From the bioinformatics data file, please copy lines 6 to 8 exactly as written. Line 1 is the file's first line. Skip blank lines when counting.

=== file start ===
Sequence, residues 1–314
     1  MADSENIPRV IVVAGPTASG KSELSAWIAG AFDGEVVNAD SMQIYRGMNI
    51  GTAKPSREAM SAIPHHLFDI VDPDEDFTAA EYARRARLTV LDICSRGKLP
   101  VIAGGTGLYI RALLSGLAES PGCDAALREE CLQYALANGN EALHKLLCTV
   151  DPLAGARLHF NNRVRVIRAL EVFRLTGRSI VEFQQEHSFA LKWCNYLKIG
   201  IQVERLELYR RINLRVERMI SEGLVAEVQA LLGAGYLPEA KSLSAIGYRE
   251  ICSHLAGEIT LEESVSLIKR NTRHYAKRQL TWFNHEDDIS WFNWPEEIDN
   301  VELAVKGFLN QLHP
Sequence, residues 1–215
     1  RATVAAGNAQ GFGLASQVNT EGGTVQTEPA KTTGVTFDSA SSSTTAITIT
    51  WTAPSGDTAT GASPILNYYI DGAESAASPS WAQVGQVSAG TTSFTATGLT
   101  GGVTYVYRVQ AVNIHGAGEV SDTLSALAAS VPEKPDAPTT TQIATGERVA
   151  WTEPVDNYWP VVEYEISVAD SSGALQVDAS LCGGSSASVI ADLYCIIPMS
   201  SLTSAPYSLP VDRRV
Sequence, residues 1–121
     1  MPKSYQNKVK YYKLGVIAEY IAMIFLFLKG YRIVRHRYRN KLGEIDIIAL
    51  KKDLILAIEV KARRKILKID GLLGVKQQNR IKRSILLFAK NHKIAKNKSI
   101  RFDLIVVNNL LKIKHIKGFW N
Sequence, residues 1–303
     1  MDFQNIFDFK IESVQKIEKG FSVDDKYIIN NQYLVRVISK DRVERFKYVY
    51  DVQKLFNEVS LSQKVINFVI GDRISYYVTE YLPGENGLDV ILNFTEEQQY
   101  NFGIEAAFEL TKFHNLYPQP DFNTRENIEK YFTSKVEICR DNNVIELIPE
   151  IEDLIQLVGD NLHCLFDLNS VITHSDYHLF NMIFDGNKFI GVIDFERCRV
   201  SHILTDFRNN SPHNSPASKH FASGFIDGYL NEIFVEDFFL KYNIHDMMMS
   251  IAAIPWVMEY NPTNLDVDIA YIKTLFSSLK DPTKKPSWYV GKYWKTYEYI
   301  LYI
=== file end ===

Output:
   201  IQVERLELYR RINLRVERMI SEGLVAEVQA LLGAGYLPEA KSLSAIGYRE
   251  ICSHLAGEIT LEESVSLIKR NTRHYAKRQL TWFNHEDDIS WFNWPEEIDN
   301  VELAVKGFLN QLHP